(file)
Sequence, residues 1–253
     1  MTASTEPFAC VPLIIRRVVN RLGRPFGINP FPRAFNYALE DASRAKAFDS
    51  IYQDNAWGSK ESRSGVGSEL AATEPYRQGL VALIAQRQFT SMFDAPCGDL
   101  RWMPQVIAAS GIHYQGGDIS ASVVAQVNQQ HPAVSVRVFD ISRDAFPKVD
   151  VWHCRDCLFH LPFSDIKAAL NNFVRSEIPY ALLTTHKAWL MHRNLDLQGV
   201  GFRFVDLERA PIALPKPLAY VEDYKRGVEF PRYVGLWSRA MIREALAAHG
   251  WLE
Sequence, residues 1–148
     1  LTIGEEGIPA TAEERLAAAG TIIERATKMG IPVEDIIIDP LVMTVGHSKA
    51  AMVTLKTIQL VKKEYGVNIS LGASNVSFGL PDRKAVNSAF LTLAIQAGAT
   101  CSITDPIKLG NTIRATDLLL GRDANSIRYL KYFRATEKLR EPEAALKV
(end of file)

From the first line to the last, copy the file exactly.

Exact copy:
Sequence, residues 1–253
     1  MTASTEPFAC VPLIIRRVVN RLGRPFGINP FPRAFNYALE DASRAKAFDS
    51  IYQDNAWGSK ESRSGVGSEL AATEPYRQGL VALIAQRQFT SMFDAPCGDL
   101  RWMPQVIAAS GIHYQGGDIS ASVVAQVNQQ HPAVSVRVFD ISRDAFPKVD
   151  VWHCRDCLFH LPFSDIKAAL NNFVRSEIPY ALLTTHKAWL MHRNLDLQGV
   201  GFRFVDLERA PIALPKPLAY VEDYKRGVEF PRYVGLWSRA MIREALAAHG
   251  WLE
Sequence, residues 1–148
     1  LTIGEEGIPA TAEERLAAAG TIIERATKMG IPVEDIIIDP LVMTVGHSKA
    51  AMVTLKTIQL VKKEYGVNIS LGASNVSFGL PDRKAVNSAF LTLAIQAGAT
   101  CSITDPIKLG NTIRATDLLL GRDANSIRYL KYFRATEKLR EPEAALKV